The weirdest science of 2015

Scientists often remind us just how weird and wonderful our world can be. Take a quick look at some of the strangest discoveries of 2015.

 

1. Fangs aren’t the only strange thing about these frogs

A newly discovered species of fanged frog does what no other frog can do—give birth to live tadpoles instead of laying eggs.

“Almost all frogs in the world—more than 6,000 species—have external fertilization, where the male grips the female in amplexus and releases sperm as the eggs are released by the female,” says Jim McGuire, associate professor of integrative biology at the University of California, Berkeley.

fanged frogs
(Credit: Jim McGuire)

“But there are lots of weird modifications to this standard mode of mating. This new frog is one of only 10 or 12 species that has evolved internal fertilization, and of those, it is the only one that gives birth to tadpoles as opposed to froglets or laying fertilized eggs.”

 

2. ‘Alien’ octopus with a trick up its sleeve

Scientists made two interesting discoveries about the octopus this year. An analysis of its genome revealed striking differences between the octopus and other invertebrates. They found hundreds of octopus-specific genes, with many highly expressed in structures such as the brain, skin, and suckers.

“The late British zoologist Martin Wells said the octopus is an alien. In this sense, then, our paper describes the first sequenced genome from an alien,” says Clifton Ragsdale, associate professor in the departments of neurobiology and organismal biology and anatomy at the University of Chicago.

As if that weren’t strange enough, scientists at the University of California, Berkeley, discovered an octopus that does something truly odd to trap prey: Taps it on the shoulder and startles the victim into its arms. “I’ve never seen anything like it,” says Roy Caldwell.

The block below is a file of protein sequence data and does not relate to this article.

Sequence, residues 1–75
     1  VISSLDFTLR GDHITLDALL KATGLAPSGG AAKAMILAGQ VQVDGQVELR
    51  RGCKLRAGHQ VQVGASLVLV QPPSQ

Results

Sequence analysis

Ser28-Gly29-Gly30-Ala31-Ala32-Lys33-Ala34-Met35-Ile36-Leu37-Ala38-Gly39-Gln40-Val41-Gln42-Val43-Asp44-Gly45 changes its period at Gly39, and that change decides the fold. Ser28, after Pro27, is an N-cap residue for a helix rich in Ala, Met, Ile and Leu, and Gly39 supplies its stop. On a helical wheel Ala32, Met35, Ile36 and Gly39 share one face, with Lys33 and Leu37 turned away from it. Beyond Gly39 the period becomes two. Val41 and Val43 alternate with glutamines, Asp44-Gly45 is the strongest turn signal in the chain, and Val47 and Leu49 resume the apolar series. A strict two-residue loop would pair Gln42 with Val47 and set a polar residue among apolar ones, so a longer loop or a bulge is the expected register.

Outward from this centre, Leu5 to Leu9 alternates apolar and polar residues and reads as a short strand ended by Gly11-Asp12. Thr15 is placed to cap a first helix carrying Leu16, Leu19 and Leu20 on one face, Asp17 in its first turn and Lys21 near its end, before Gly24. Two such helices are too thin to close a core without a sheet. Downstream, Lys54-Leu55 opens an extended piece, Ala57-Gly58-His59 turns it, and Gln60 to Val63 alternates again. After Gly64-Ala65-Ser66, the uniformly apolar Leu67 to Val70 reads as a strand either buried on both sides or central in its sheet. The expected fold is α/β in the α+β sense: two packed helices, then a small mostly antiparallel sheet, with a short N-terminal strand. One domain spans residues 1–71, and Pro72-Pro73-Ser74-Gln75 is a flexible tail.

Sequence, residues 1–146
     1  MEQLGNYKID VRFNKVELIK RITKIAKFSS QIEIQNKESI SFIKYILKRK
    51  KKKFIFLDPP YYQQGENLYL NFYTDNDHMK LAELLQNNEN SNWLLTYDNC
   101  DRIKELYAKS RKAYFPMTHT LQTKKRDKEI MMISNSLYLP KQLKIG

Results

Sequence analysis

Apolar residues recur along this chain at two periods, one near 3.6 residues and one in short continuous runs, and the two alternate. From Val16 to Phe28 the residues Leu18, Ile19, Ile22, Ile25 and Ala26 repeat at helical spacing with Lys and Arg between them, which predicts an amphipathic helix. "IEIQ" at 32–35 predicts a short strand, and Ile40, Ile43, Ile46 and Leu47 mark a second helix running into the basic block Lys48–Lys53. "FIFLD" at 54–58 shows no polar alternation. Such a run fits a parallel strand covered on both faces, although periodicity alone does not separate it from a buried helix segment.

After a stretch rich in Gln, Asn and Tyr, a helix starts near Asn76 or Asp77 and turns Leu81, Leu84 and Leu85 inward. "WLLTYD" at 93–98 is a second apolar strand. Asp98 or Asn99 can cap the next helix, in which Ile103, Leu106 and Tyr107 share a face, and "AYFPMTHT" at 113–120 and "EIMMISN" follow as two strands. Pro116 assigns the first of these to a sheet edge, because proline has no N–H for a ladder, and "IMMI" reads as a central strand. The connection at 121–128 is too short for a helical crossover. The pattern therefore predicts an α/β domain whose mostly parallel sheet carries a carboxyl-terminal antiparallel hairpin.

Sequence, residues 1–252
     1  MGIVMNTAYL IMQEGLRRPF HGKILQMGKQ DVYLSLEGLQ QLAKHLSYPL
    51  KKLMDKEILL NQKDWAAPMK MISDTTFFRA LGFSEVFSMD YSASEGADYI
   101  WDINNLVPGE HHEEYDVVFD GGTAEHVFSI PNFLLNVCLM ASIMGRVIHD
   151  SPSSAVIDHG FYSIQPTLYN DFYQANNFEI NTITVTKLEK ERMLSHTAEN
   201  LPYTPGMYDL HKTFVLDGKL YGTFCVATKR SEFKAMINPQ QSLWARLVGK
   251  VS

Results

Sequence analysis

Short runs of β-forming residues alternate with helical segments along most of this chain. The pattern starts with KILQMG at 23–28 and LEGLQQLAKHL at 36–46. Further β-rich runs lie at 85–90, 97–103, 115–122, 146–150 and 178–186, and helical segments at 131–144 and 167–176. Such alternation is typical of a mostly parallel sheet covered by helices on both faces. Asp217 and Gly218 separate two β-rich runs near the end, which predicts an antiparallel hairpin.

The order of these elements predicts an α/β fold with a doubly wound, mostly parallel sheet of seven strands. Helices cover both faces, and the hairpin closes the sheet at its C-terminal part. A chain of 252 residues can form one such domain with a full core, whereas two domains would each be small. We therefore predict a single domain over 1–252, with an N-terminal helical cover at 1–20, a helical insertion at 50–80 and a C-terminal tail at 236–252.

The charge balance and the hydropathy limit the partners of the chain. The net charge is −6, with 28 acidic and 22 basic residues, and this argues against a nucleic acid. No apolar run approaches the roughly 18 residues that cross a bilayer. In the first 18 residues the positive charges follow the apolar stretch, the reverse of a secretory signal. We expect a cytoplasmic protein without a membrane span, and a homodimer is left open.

Watch an octopus use the trick to trap a shrimp:

 

3. Whee! Skydiving spiders

A nocturnal spider about two inches across is able to steer while falling, much like a wingsuit flyer, in order to return to the tree from which it fell.

“My guess is that many animals living in the trees are good at aerial gliding, from snakes and lizards to ants and now spiders,” says Robert Dudley, professor of integrative biology at the University of California, Berkeley.

 

4. Shark stores sperm for 45 months—then gives birth

Brownbanded bamboo sharks have a surprising way of producing offspring. The females can be separated from the male fathers of their pups for an astounding 45 months and still have a viable baby.

Moisés A. Bernal, a PhD candidate at the Marine Science Institute at UT Austin, explains how scientists made the discovery:

 

5. Water bears are tough, tiny, and totally freaky

Small and strangely hardy animals called water bears—or tardigrades—can survive the harshest of environments, including outer space. Stick a tardigrade in an 80-celsius freezer for 10 years and it starts running around 20 minutes after thawing.

tardigrade or water bear
(Credit: Saguaro National Park/Flickr)

When scientists sequenced their genome, they were shocked to find the animals get a huge chunk—about 17 percent—from foreign DNA. For comparison, most animals have less than one percent of their genome from foreign DNA.

“We knew many animals acquire foreign genes, but we had no idea that it happens to this degree,” says Bob Goldstein, a researcher at the University of North Carolina at Chapel Hill.

 

6. Dinosaur snouts on chickens?

Scientists have transformed chicken embryos to give them a snout and palate configuration similar to that of small dinosaurs like Velociraptor and Archaeopteryx. Scientists say they didn’t create a “dino-chicken” just for the heck of it. They want to find the molecular mechanism involved in creating the skeleton of the beak.

Researchers report that the unusual arrangement of cells in a chicken's eye constitutes the first known biological occurrence of a potentially new state of matter known as "disordered hyperuniformity," which has been shown to have unique physical properties. (Credit: Johnathan Nightingale/Flickr)
(Credit: Johnathan Nightingale/Flickr)

“Little work has been done on what exactly a beak is, anatomically, and how it got that way either evolutionarily or developmentally,” says Bhart-Anjan S. Bhullar, a paleontologist at Yale University.